Lightfoot, Geoffrey (1998) Financial management and small firm owner-managers. (PhD thesis), Kingston University.Full text not available from this archive.
This study investigates financial management and small firms through considering some of the financial concepts that are used by owner-managers, their meanings and the relationships between them. At the same time, it examines the contexts through which these concepts are given meaning - how, for example, the business, the owner-manager and the environment have to be constituted for the concepts to have the meanings they are given. Particular attention is given to the rhetorical constructions that allow the emplacement of certain financial management procedures in small firms to the exclusion of others. In this it differs from existing research into small firms which the study depicts as being locked in to a paradigm of 'best practice' that has both unflatteringly compared procedures in small firms with an idealisation of practices in large firms and proceeded to quantify difference rather than attempt to explain it. The study used discourse analysis procedures to examine two key areas: pricing and cashflow management. From this a number of conclusions are offered as to owner-managers' organisation of their businesses. The principal findings are fourfold. Owner-managers are able to create and manage the interplay between formal accounting procedures with both informal knowledge about the business and wider moral and social conventions in ways that blur such distinctions and emphasise both personal authority and business legitimacy. Secondly, the study shows that as this informal knowledge is often grounded in the owner-manager, ownership and knowledge derived from ownership help define the owner-manager's authority in such a way that external advice is made of limited use or irrelevant. Third, value in the business is revealed as both movable and reflexive. Owner-managers use the prices that they set, for example, as a measure of their own worth and of wider status considerations. Finally, the flexibility in the use of formal and informal knowledge allows the owner-manager freedom to define some areas as calculable (and so subject to 'rational' decision-making) and others 'unknowable' (and thus subject to personal, subjective relationships). As the future is typically rendered 'unknowable' this both allows different treatments of suppliers and customers and helps explain issues such as why owner-managers apparently resist blandishments to increase their planning activities.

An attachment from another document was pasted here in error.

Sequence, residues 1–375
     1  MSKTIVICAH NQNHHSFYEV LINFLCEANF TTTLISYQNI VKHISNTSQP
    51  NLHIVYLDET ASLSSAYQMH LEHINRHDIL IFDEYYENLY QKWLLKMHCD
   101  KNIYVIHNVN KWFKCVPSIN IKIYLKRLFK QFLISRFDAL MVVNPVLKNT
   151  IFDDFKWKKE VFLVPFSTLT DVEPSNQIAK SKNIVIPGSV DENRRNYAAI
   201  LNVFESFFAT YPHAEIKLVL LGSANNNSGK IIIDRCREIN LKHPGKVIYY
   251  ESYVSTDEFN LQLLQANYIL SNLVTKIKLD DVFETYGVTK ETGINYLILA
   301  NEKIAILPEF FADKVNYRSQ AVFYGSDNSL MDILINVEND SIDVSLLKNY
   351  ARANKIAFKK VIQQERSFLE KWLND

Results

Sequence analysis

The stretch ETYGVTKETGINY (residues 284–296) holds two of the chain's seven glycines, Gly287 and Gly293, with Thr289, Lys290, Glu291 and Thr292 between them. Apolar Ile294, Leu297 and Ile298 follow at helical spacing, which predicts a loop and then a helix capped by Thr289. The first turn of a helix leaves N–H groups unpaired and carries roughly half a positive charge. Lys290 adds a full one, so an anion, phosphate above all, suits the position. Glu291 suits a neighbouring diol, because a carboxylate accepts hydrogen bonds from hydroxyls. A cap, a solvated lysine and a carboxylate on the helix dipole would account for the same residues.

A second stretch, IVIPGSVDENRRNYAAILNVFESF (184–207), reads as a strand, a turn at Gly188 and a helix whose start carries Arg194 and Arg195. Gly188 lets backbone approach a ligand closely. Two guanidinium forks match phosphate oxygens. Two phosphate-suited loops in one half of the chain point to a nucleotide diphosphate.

|Item Type:||Thesis (PhD)|
|Physical Location:||This item is held in stock at Kingston University Library.|
|Research Area:||Business and management studies|
|Depositing User:||Automatic Import Agent|
|Date Deposited:||09 Sep 2011 21:39|
|Last Modified:||30 May 2014 12:46|
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